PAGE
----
TECHNICAL, LEGAL, AND OPERATIONAL CHALLENGES
We have entered the Information Age, where information technologies have been integrated into virtually every aspect of business and society. This integration is posing new challenges for all of us in law enforcement. Today, there are critical challenges, seeing computers being used for criminal behavior in three major ways.
. First, a computer can be the target of an offense. When this occurs, a computer’s confidentiality, integrity, or availability is attacked. That is services or information are being stolen, or victim computers are being damaged. The denial of service attacks that were experienced by numerous Internet sites earlier this year and the recent proliferation of the “I Love You” virus and its variants are but a few examples of this type of computer crime.
. Second, a computer can be used as a tool for committing criminal behavior. This category includes those crimes that we in law enforcement have been fighting in the physical world but now we are seeing with increasing frequency on the Internet. These crimes includes child pornography, fraud, intellectual property violations, and the sale of illegal substances and goods online.
. Third, a computer can be incidental to an offense, but still significant for our purposes as law enforcement officials. For example, pedophiles might store child pornography and drug traffickers and other criminals may store business contact information on their computers
All three types of crimes involving computers are creating challenges for almost all nations of the world. In the United States significant resources are channeled to identifying these challenges and formulating a sound legal and policy framework in which to address them. There are useful reports by Attorney General Janet Reno on “The Electronic Frontier: The Challenge of Unlawful Conduct Involving the Use of the Internet,” which was drafted by President Clinton’s Working Group on Unlawful Conduct on the Internet. This extensive report highlights the significant challenges created by cyberspace for law enforcement – not only in the United States, but throughout the world. The report, is available on the Internet at www.cybercrime.gov . As the report states, the needs and challenges confronting law enforcement “are neither trivial nor theoretical.”
The challenges that law enforcement agencies face in the battle with cybercrime generally being divided into three categories:
a) Technical challenges that hinder law enforcement’s ability to find and prosecute criminals operating online;
b) Legal challenges resulting from laws and legal tools needed to investigate cybercrime lagging behind technological structural, and social changes; and
c) Operational challenges to ensure that we have created a network of well-trained, well-equipped investigators and prosecutors who work together with unprecedented speed – even across national borders.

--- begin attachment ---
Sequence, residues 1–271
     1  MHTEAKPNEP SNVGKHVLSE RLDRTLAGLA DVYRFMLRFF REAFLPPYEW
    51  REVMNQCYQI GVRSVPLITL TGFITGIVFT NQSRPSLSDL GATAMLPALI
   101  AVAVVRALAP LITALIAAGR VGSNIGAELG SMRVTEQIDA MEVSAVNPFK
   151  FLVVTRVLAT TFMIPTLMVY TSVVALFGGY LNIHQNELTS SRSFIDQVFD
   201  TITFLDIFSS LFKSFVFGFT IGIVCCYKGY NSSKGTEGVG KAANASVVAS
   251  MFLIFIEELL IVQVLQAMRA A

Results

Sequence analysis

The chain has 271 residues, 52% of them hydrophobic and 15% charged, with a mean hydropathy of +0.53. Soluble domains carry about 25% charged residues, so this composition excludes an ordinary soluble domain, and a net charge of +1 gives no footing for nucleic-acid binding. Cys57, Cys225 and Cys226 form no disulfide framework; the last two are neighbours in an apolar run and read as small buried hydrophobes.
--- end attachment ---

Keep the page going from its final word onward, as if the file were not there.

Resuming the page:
3.1 Private Sector & Consumer Involvement
Before we discuss these challenges in more detail, it should be emphasized that governments, even if we all work together, will not be able to meet these challenges alone. The private sector must be involved. In fact, the private sector must take the lead in certain areas, especially in protecting private computer networks, through more vigilant security efforts, information sharing, and, where appropriate, through cooperation with government agencies. The private sector has the resources, the technical ability, and the trained personnel to ensure that, as technology continues to develop and change rapidly, the Internet is a safer place for all of us. As such, the private sector must take the lead on improving security practices and the development of a more secure Internet infrastructure.
In addition, we need the assistance of the consumer, the everyday user of computer systems, to ensure that safeguards are taken and that sound practices are followed. The best infrastructure and most secure means of electronic commerce will be ineffective if the users of the technology, that is, all of us, don’t follow the basic “rules of the roadmap.”
That being said, even if companies and consumers do everything they can do to protect the Internet, law enforcement must be properly equipped, trained, and organized to fight cybercrime. There is little doubt that there will be instances where the practices and safeguards fail. As we all know, criminals rob banks even though banks use effective security measures. When practices and safeguards fail, we must be ready – ready to investigate and ready to prosecute cybercriminals – so that we can stop their criminal activity, punish them, and deter potential cybercriminals.
3.2 Technical Challenges